Journal of Steroid Biochemistry and Molecular Biology vol:98 issue:2-3 pages:164-173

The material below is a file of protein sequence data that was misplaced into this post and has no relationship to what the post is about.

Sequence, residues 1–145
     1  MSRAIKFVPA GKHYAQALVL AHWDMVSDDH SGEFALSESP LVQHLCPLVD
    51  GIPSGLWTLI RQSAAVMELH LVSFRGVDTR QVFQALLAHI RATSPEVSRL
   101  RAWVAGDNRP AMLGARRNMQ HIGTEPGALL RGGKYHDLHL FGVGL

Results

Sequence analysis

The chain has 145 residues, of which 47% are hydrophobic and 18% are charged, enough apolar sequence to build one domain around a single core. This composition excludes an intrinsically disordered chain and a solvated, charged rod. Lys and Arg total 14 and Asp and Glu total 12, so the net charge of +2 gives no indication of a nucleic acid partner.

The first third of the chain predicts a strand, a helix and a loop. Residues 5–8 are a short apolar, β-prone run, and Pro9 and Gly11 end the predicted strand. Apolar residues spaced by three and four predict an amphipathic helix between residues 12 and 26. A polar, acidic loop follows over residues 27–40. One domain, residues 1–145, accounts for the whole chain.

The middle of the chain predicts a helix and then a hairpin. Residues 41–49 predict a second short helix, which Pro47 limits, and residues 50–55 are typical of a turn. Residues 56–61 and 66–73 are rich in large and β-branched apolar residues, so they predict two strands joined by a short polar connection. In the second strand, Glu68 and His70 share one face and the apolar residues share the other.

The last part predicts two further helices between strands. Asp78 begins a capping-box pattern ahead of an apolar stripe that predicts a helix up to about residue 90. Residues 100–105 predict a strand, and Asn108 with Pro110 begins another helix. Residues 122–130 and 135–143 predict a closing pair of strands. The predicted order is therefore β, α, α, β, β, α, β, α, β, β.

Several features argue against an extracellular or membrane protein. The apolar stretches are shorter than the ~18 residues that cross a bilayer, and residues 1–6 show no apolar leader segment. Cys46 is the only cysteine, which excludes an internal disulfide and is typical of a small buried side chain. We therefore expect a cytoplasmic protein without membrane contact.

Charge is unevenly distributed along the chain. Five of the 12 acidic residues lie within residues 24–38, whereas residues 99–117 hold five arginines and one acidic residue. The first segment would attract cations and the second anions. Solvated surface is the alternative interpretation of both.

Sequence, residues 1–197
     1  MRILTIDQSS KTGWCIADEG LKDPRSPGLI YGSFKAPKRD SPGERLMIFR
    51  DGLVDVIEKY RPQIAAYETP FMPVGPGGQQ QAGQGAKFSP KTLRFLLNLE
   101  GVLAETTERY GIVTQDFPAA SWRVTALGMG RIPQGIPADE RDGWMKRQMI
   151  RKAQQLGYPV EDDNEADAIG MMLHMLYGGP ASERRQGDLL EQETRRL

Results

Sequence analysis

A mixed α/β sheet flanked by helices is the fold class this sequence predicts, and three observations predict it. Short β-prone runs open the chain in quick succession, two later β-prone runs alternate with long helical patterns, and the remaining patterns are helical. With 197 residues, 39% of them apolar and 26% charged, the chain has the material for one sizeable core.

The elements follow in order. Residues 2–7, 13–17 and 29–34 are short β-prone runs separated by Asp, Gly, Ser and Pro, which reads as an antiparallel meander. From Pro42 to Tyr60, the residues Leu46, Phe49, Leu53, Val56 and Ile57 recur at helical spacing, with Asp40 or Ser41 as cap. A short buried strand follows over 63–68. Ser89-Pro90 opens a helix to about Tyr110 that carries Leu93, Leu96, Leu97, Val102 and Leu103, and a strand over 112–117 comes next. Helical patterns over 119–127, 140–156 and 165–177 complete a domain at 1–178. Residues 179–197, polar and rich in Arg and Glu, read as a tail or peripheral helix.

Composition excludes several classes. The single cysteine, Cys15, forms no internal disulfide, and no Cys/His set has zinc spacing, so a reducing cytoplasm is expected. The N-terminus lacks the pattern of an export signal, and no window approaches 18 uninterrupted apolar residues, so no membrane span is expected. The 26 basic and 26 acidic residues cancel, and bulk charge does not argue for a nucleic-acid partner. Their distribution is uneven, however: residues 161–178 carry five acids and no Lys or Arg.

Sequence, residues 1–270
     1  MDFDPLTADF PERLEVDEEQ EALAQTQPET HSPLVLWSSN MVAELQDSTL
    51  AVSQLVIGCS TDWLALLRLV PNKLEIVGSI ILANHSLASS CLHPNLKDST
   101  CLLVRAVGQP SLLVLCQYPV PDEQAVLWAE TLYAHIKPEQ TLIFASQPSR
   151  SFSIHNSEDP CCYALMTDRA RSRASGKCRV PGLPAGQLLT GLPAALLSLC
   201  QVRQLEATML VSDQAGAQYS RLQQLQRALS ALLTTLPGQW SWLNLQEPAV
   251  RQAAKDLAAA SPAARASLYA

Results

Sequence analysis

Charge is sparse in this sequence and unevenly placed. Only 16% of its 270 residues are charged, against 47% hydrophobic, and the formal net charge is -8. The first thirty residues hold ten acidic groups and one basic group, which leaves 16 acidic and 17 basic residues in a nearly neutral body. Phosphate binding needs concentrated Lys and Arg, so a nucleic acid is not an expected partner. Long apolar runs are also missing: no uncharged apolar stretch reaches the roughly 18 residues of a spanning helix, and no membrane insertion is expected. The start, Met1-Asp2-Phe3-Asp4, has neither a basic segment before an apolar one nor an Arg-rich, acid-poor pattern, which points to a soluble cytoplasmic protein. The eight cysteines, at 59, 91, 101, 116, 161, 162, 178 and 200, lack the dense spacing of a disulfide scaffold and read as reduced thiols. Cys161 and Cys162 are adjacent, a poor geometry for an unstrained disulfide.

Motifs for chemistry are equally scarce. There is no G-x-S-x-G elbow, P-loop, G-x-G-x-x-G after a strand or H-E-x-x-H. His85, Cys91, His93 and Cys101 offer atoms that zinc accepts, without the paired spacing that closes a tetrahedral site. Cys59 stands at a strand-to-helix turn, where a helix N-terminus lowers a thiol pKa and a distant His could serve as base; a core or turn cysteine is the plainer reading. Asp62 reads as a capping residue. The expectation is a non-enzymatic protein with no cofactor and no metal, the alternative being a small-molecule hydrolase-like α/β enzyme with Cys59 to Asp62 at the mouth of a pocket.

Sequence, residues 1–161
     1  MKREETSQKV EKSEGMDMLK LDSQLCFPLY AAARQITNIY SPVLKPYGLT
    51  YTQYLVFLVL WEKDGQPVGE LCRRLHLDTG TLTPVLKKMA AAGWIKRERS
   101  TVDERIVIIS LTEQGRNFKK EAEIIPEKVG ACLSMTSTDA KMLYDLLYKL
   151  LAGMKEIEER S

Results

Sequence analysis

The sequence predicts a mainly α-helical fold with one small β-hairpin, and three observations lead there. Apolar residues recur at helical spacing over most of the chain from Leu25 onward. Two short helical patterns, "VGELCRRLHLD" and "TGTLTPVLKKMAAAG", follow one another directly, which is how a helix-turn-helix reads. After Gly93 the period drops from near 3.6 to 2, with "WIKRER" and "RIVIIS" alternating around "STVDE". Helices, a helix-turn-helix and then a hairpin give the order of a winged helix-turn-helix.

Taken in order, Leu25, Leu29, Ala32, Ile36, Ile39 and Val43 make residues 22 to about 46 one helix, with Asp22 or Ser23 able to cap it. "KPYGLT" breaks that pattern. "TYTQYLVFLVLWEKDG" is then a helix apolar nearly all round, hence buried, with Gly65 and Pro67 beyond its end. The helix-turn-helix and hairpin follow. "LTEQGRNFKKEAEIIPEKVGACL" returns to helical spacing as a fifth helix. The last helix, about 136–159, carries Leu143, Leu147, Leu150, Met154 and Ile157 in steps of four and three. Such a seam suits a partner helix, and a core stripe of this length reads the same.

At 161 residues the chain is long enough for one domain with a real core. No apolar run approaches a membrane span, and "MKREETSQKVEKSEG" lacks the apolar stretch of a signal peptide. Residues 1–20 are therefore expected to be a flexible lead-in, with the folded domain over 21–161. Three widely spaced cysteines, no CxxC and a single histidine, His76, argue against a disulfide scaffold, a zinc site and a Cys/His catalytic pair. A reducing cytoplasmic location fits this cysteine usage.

It remains unclear why it has proven so difficult to identify androgen target genes in cultured Sertoli cells. Given the lack of useful endogenous reporter genes, we studied the androgen and glucocorticoid responsiveness of these cells by transfection with three different steroid-responsive reporter constructs. The constructs were driven by the tyrosine aminotransferase steroid-responsive region (TAT-GRE4x-Luc), the mouse mammary tumor virus promoter (MMTV-Luc) and the Pem homeobox gene proximal promoter respectively (Pem-Luc). These constructs can be activated either by both the glucocorticoid receptor (GR) and the androgen receptor (AR) (TAT-GRE4x-Luc and MMTV-Luc) or selectively by the AR (Pem-Luc). Despite high transfection efficiency (30-40%) none of the constructs could be activated by treatment of the Sertoli cells with testosterone, 5alpha-dihydrotestosterone or synthetic androgens. Even pretreatment with follicle-stimulating hormone to raise AR levels (from 31 up to 82fmol/mg protein) did not result in androgen responsiveness. In contrast, treatment with dexamethasone markedly stimulated TAT-GRE4x-Luc and MMTV-Luc activity. GR levels reached a value of 172fmol/mg protein in the cultured cells and both AR and GR displayed homogeneous distribution by immunocytochemical evaluation. Androgen responsiveness was restored and glucocorticoid responsiveness was increased by cotransfection with AR or GR expression constructs. Under cotransfection conditions, 1nM of testosterone (a concentration that is some 100 times lower than that estimated to be present in the testis) was sufficient to stimulate the TAT-GRE4x-Luc maximally. Our data indicate that cultured Sertoli cells respond better to glucocorticoids than to androgens and that one of the factors limiting androgen responsiveness is the availability of AR. Other factors limiting the transactivation capacity of the (endogenous) AR, however, cannot be excluded.